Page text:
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Car reviews - Porsche - Cayman - S coupe

Launch Story

Porsche logo24 Mar 2006

By MARTON PETTENDY

TAKE the second-generation version of Porsche’s super-popular Boxster roadster, add a fixed roof and a more powerful six-cylinder boxer engine and, hey presto, the iconic German sport car maker has produced one of the most exhilarating and best-value performance coupes ever available.

Okay, so the Cayman’s agonisingly tedious gestation period proves turning Boxster into Cayman wasn’t that simple. And there are good reasons the original Boxster never morphed into a mid-engined coupe after its launch eight years ago.

First, Porsche was in dire financial straits back then and has only in recent years – thanks to the success of both Boxster and its first SUV, the Cayenne - generated the resources to develop the likes of Cayman.

Second, there were critical design and technical issues to be resolved and, third, serious marketing concerns had to be considered, such as how much power to give a Boxster-based coupe, what to call it and what price to put on it.

Given the sub-$150,000 Porsche coupe’s potential to undermine the status (and profitability) of its flagship 911 coupe, Porsche’s concerns were well founded.

And after driving it on home turf for the first time, it’s clear that while Cayman offers an altogether different driving experience to the rear-engined 911, it’s one helluva polished, exhilarating drive that opens Porsche coupe ownership up to a whole new generation of customers.

Our Opinion

LET’S acknowledge the obvious from the outset: a coupe version of Porsche’s accomplished Boxster was never going to be anything other than a smash hit.

To be sure, doubling the already razor-sharp Boxster’s body rigidity by adding a fixed roof, then powering it with a more ferocious version of Porsche’s invigorating boxer six could only produce an even faster and more focussed sports car.

Both boxes are boldly ticked with the Cayman, but a first drive at the new model’s launch in the Adelaide hills this week highlighted a number of surprises.

First, the hard-topped Boxster is more roomy than expected inside, where the familiar Boxster II interior echoes all of its convertible sibling’s standard equipment, but adds a classier sound system for good measure.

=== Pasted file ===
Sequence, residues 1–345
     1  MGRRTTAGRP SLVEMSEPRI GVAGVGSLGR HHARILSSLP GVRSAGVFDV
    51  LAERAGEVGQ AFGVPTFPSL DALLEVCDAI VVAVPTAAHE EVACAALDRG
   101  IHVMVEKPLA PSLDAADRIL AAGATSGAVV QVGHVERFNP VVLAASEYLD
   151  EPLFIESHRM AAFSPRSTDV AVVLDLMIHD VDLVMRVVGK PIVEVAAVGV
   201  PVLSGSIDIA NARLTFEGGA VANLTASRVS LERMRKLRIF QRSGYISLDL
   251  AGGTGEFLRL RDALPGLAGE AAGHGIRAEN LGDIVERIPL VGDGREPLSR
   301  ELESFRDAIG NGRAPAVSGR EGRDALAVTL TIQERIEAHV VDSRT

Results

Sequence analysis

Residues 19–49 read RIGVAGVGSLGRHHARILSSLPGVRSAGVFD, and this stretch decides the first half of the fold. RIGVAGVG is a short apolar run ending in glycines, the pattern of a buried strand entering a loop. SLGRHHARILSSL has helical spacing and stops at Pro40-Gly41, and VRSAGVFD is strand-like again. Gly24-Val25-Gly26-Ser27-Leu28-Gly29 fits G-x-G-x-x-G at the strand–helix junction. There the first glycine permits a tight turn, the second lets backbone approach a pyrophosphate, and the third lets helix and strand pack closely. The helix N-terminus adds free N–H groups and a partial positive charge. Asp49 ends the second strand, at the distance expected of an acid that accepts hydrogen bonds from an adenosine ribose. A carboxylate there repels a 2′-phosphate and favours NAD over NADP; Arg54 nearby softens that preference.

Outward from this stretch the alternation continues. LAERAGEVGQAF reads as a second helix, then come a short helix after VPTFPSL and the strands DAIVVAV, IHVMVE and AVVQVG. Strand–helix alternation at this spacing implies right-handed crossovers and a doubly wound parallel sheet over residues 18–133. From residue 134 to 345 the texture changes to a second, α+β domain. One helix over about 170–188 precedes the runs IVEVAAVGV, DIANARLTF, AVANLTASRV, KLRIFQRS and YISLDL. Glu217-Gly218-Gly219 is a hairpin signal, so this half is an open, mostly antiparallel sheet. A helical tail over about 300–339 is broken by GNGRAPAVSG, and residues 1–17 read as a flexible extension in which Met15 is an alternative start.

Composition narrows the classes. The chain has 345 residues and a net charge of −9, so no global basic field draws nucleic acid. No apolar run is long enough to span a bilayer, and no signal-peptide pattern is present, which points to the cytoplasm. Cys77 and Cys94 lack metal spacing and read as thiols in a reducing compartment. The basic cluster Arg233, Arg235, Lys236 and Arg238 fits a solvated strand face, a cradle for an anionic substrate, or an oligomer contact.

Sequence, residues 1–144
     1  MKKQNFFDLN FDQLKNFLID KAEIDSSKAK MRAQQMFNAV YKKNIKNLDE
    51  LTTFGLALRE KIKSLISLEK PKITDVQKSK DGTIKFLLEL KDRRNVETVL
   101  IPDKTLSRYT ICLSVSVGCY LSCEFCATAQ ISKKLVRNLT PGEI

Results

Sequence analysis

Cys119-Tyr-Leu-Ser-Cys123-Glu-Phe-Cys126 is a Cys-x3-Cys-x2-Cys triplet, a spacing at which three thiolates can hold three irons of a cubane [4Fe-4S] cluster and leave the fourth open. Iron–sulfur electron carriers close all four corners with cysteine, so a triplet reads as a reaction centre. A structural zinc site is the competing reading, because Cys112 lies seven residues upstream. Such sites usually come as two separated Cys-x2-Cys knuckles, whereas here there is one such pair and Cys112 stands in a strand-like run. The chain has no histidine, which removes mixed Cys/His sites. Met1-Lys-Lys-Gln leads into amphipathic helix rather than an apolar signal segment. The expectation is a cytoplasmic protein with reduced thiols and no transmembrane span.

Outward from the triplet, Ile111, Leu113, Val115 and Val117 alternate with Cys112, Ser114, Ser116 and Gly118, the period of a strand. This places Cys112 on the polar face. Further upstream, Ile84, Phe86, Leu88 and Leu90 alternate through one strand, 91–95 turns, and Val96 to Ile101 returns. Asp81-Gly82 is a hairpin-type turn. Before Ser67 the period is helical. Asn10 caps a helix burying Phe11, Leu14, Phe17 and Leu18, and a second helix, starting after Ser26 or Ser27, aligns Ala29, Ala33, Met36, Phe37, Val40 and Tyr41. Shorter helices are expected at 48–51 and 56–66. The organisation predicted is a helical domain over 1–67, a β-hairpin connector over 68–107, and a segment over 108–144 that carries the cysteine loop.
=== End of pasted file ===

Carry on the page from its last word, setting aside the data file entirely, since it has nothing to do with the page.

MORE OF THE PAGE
Headroom – even for tall drivers – is refreshingly generous and, if anything, vision is improved over the Boxster’s fabric soft-top in all directions.

However, despite the traditionally high level of seating adjustment, tall drivers will find legroom no better than in Boxster, meaning it’s restrictive for anyone on the high side of six feet.

But within the beautifully resolved exterior, whose rear haunches are two of the most wildly sculpted panels of automotive sheetmetal ever produced, there’s also a whole new league of interior space.

Along with the Boxster’s 150 litres of luggage space under the bonnet, Cayman offers a commendably large cargo area beneath its massive new tail-gate, which incorporates a large rear screen and what was the Boxster’s bootlid, and opens up to an easily-reacheable height as well as a super-high loading height.

The split-level cargo area is fully lined, illuminated and separated by an alloy-look section containing a hatch to access the engine oil and water fillers. The section on top of the mid-mounted engine replaces the Boxster’s parcel shelf area, while the adjacent lower section makes the whole space more flexible by being a single unit.

Two additional 4.5-litre outboard lidded compartments provide further theft deterence (beyond the inherent security advantages the fixed roof offers over Boxster’s rag-top), while the a luggage net is also included and an optional luggage barrier is also available.

Of course, the heart of Cayman is a new 3.4-litre boxer six that delivers 217kW at 6250rpm and 340Nm of torque at 4400rpm. Compared to the 3.2-litre six that powers Boxster S, the greater capacity, higher 10.6:1 compression and smarter Variocam Plus valave timing system results in an extra 11kW (from an extra 50rpm), plus an extra 20Nm – which is available from 300rpm lower at 4400rpm.